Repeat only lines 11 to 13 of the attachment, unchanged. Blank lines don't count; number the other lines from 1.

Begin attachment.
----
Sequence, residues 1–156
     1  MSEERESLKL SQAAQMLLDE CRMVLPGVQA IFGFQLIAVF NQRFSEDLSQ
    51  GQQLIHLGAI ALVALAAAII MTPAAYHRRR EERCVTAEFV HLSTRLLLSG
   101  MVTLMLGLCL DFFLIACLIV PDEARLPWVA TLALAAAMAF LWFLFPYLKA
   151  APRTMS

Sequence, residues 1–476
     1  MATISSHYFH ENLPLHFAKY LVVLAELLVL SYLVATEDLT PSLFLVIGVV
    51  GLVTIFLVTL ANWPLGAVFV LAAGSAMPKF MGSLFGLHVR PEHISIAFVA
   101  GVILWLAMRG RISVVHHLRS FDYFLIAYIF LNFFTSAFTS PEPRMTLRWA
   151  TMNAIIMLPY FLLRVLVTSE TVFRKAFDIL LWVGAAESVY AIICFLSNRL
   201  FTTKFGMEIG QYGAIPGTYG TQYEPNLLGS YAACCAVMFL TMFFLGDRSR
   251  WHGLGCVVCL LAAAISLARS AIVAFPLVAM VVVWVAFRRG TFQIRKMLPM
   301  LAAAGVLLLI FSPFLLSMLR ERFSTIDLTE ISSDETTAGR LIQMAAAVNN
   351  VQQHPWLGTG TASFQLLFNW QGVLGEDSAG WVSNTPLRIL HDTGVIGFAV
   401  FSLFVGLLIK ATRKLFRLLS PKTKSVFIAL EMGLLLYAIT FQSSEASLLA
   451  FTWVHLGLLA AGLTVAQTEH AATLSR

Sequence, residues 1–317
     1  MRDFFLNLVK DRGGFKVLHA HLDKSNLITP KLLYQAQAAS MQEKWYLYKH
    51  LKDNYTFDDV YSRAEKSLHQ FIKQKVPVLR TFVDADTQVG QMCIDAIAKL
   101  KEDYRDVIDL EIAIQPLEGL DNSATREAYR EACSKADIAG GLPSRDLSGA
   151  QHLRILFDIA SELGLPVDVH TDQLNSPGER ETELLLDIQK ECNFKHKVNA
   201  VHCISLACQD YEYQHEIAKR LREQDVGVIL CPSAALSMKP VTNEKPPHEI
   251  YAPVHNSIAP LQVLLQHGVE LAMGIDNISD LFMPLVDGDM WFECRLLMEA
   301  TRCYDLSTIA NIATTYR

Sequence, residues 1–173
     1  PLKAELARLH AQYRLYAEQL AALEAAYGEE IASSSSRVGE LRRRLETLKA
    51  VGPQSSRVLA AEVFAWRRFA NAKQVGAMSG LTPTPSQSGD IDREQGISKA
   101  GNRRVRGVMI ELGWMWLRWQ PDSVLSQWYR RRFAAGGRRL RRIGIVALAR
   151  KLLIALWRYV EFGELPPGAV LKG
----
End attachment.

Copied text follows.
   201  FTTKFGMEIG QYGAIPGTYG TQYEPNLLGS YAACCAVMFL TMFFLGDRSR
   251  WHGLGCVVCL LAAAISLARS AIVAFPLVAM VVVWVAFRRG TFQIRKMLPM
   301  LAAAGVLLLI FSPFLLSMLR ERFSTIDLTE ISSDETTAGR LIQMAAAVNN